- The Washington Times - Thursday, December 29, 2011

Rep. Michele Bachmann is a candidate for the Republican nomination for president who enjoys strong Tea Party support. Currently serving her third term in the House of Representatives, she was the first Republican woman from Minnesota to be elected to Congress. A former state senator, Mrs. Bachmann understands the problems with the tax code inside and out from five years spent as a federal tax attorney with the Internal Revenue Service. She is author of the recently released book “Core of Conviction” (Sentinel, 2011). You can find out more about her campaign at: http://www.michelebachmann.com.

Decker: What would tax reform look like in a Bachmann administration?

Bachmann: The real world of taxation is not reducible to a sound bite or a bumper sticker. We need a real national discussion about what kind of tax system we really want, and as the only tax professional in the race, I will lead that discussion with some serious talk about what the principles “fairer, flatter and simpler” really mean.

First, it is only fair that everyone should contribute something to the core government services. Everyone benefits and everyone needs to pay something.

Today, we live in a world where only 53 percent of Americans pay federal income tax, 47 percent pay nothing. People who pay nothing can easily forget the idea that there is no such thing as a free lunch.

Second, even though everyone should pay something, those who can afford to pay more should pay more. This is true not just in absolute terms. Someone at a higher income level should pay at least the same percentage of income as someone at a lower income level.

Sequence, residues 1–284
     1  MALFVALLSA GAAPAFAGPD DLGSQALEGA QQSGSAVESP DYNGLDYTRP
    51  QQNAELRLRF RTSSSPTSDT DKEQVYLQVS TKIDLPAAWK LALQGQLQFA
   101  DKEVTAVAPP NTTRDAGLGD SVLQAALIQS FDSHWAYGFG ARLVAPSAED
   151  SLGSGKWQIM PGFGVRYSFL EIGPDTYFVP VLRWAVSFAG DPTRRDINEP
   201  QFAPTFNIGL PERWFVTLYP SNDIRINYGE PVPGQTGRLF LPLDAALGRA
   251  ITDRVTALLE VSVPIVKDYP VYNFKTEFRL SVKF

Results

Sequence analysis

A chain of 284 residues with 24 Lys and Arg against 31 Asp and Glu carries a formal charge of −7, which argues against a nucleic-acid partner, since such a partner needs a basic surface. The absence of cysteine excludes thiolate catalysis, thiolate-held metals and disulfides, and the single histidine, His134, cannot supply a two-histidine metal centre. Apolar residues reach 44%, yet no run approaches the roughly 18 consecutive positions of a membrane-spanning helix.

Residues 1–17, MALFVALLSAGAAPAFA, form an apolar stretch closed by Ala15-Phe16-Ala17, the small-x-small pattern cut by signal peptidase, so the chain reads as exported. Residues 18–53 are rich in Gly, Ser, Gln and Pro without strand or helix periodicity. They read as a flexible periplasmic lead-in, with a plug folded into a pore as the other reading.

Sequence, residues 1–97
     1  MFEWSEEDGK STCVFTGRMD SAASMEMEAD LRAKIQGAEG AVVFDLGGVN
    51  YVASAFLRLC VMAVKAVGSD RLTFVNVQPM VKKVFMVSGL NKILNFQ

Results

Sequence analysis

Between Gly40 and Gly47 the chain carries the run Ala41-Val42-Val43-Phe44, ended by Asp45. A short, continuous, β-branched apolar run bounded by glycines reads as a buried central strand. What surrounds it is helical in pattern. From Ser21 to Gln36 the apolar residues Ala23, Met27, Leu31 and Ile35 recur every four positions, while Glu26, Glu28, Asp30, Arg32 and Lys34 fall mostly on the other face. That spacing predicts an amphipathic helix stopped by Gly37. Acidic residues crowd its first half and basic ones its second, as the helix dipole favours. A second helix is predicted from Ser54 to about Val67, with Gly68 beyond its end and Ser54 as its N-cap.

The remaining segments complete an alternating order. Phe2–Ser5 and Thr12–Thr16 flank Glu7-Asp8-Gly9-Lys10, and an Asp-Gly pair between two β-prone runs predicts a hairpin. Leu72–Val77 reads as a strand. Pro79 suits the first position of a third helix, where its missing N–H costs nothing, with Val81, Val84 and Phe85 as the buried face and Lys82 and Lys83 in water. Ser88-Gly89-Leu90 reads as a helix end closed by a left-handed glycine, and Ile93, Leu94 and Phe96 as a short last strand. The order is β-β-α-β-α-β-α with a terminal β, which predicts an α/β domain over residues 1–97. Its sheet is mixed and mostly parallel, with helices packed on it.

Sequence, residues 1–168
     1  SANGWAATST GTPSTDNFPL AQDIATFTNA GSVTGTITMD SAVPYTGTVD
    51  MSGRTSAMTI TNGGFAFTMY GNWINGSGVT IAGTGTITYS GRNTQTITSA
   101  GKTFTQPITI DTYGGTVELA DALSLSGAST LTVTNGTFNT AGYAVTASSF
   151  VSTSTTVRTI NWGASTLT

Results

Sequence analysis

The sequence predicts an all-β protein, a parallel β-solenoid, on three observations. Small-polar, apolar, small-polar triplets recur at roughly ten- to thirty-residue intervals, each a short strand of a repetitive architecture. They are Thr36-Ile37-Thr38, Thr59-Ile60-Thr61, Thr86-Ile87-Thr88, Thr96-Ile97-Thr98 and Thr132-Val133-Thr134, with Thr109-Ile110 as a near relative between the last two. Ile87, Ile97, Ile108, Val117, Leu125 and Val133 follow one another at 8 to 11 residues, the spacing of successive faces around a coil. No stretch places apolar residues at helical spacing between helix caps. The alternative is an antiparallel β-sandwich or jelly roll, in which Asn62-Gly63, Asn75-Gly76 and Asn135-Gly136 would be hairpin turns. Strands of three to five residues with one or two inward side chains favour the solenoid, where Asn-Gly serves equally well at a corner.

Third, fairness also demands that government limit its claim on the hard work and talents of the people it taxes. The income people earn is not the government’s; it belongs to the people who earned it. When people in Washington say things like “We can’t afford a tax cut,” they need to think about who the “We” is. It is the people’s money, not the politicians’.

Decker: What are the most important steps a new president should take on Inauguration Day to get America back on the right track?

Bachmann: First, the next president needs to unite what is a sharply divided country. Second, the next president must cast a vision for how to lead America back to prosperity and have the American people and the world believe in and follow that vision.

Decker: As commander in chief, what would you do about Iran’s program to develop nuclear weapons?

Bachmann: As president, I’ll stand on the side of Israel and will ensure that Iran never has a nuclear weapon. An Iran with a nuclear weapon is completely unacceptable to the United States and to Israel; it would be a grave threat to the safety of the world, and so the world community should confront that threat.

Two principles must guide U.S. policy toward Iran. First, we must never allow Iran to obtain nuclear weapons. And second, we must realize that this is as much a threat to U.S. national security as it is to Israel’s and should not outsource U.S. national security to the United Nations.

I will fully implement provisions of the Comprehensive Iran Sanctions, Accountability and Divestment Act of 2010, and expand them to investment firms from Russia and China, who are deeply tied to Iran. I will also direct the Pentagon to develop plans for war and to impose a naval blockade. While only a fool would wish for war, we must have every option available.

The U.S. should develop and deploy comprehensive anti-ballistic missile systems on land, at sea, in the air and in space while moving additional Aegis and Patriot missile defense systems into the Middle East to protect U.S. and allied interests. We must sell Israel the additional fighter jets, bunker-buster bombs, refueling tankers and other materials they need to defend themselves.

Decker: There’s some speculation about the Reagan coalition of defense hawks, social conservatives and economic libertarians starting to fray. Is it important to keep this marriage together for Republicans to win national elections? How can the standard-bearer be a source of unity for the party?

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